Auburn Didn't Publicly Report Self-Imposed Sanctions After Chuck Person's Arrest

Tim Daniels@TimDanielsBRFeatured ColumnistAugust 7, 2019

MINNEAPOLIS, MINNESOTA - APRIL 04: Head coach Bruce Pearl of the Auburn Tigers speaks to the media ahead of the Men's Final Four at U.S. Bank Stadium on April 04, 2019 in Minneapolis, Minnesota. (Photo by Maxx Wolfson/Getty Images)
Maxx Wolfson/Getty Images

The Auburn Tigers basketball program didn't publicly disclose a series of self-imposed recruiting sanctions it put in place following the arrest of former assistant coach Chuck Person as part of the FBI's investigation into alleged corruption within college basketball. 

Auburn University confirmed to Sam Blum of AL.com the list of penalties included limitations on unofficial visits, official visits, contacts, evaluations and phone calls, and noted the basketball staff, led by head coach Bruce Pearl, didn't do any recruiting activities from September 2017 through April 2018.

"If it's OK with you, I'm leaving those subjects alone and refer you to compliance," Pearl told AL.com.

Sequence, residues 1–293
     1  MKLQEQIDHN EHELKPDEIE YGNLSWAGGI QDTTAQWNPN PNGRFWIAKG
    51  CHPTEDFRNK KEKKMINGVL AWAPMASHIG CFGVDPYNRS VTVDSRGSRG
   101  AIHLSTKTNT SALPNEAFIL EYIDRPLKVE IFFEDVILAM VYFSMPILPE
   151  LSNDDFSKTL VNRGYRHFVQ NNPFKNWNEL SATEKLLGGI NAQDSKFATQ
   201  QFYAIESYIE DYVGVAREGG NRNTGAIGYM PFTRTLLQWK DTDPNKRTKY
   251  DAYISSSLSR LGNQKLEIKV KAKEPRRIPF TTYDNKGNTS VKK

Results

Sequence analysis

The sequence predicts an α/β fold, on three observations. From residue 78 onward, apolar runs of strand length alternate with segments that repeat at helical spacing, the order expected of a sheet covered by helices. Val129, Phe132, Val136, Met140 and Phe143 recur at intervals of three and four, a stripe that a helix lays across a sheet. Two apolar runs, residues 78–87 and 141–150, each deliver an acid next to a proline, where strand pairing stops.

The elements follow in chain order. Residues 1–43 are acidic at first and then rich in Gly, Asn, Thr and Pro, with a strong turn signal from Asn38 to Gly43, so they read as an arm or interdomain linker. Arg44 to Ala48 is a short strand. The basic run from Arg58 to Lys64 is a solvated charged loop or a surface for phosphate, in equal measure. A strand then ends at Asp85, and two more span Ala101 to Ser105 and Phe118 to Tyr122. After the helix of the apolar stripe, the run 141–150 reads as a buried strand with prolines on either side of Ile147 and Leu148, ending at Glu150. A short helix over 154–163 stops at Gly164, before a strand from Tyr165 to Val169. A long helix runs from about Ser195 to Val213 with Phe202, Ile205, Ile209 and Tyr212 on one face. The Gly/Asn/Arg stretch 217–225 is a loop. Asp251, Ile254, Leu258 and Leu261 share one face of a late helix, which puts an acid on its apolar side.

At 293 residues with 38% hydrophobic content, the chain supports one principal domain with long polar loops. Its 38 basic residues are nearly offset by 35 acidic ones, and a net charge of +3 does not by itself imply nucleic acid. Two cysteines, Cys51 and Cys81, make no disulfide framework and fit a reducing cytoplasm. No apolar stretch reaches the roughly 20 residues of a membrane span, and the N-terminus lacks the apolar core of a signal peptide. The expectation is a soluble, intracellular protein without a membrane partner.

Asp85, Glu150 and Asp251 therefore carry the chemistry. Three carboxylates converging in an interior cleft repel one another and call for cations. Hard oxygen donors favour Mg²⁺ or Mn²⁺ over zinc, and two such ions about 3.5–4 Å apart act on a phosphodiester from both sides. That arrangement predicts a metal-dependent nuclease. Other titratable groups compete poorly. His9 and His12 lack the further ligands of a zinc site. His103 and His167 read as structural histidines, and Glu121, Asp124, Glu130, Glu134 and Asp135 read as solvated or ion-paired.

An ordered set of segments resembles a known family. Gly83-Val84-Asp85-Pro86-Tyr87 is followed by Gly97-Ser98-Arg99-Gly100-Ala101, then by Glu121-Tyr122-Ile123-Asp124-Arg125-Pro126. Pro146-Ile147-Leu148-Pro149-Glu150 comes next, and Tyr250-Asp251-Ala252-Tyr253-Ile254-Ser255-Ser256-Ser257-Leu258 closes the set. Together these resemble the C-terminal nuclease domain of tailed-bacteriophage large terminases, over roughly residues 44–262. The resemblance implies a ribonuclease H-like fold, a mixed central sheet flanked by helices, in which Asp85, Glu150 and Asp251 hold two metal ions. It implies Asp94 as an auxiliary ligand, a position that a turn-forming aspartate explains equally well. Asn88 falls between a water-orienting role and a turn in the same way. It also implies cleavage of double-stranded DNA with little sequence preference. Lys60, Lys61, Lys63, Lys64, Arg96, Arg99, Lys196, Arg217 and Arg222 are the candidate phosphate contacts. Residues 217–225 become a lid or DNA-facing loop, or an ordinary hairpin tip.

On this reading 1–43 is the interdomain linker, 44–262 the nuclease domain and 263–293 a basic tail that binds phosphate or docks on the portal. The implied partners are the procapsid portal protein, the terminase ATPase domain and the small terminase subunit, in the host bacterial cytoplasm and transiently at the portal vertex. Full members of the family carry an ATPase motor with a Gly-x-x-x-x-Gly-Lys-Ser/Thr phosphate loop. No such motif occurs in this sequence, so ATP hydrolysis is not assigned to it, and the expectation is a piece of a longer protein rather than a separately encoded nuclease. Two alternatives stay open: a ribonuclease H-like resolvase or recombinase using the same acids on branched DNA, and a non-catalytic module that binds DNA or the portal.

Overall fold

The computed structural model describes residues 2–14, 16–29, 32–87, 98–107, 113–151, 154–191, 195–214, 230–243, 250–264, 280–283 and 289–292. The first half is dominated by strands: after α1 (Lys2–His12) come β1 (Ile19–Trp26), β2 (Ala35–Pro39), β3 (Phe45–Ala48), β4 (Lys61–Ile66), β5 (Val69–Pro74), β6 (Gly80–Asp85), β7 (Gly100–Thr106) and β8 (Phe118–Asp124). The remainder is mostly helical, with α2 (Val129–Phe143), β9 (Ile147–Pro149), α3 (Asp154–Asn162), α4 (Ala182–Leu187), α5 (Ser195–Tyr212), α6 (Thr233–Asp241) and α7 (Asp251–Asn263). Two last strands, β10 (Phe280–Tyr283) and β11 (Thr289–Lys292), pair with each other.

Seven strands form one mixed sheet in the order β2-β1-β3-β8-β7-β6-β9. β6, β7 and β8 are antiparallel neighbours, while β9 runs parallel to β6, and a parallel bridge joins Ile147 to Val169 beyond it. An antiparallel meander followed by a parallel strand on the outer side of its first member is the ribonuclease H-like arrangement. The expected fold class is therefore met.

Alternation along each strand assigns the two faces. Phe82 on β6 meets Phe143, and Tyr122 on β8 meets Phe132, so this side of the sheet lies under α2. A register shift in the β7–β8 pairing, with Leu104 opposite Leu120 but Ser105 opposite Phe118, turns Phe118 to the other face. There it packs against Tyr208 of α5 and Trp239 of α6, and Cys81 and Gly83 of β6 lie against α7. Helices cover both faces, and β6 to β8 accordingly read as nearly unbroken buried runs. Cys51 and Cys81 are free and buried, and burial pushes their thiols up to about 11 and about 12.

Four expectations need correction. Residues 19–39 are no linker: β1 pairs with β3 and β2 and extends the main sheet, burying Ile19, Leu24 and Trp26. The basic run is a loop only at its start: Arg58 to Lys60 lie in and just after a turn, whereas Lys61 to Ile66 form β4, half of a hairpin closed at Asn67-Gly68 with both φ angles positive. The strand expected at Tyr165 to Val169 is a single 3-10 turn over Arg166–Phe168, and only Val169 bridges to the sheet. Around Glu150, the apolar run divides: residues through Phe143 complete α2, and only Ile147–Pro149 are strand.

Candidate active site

All of the sanctions were a direct result of Person's actions, but Auburn is no longer serving any of the self-imposed penalties, per Blum.

Person pleaded guilty to a conspiracy charge in March after being charged with accepting an estimated $91,500 in bribes to steer potential clients to a Pittsburgh-based financial adviser if they reached the NBA.

The 55-year-old Alabama native, who was voted the 1987 NBA Rookie of the Year, avoided jail time when he was sentenced in July. He must serve 200 hours of community service and forfeit the $91,500.

"I did wrong," Person said. "I've got to make amends for what I did."

Auburn overcame the previously undisclosed sanctions to reach the program's first Final Four last season.

The Tigers posted a 30-10 record and won the 2019 SEC Tournament championship before a memorable March Madness run that ended with a loss to the eventual national champion Virginia Cavaliers.

Last month, Pearl said on the College Hoops Today podcast with CBS Sports' Jon Rothstein (via AL.com) he felt further punishment could still be handled down by the NCAA.

"I am anticipating that we are not finished completely," he said. "I am anticipating because we have gotten through a lot of things with the NCAA, obviously with the federal government, that case is closed. But I would [anticipate] that we would have to finish some things up. I do feel like the worst is behind us."

Auburn is scheduled to open the 2019-20 season Nov. 5 against the Georgia Southern Eagles.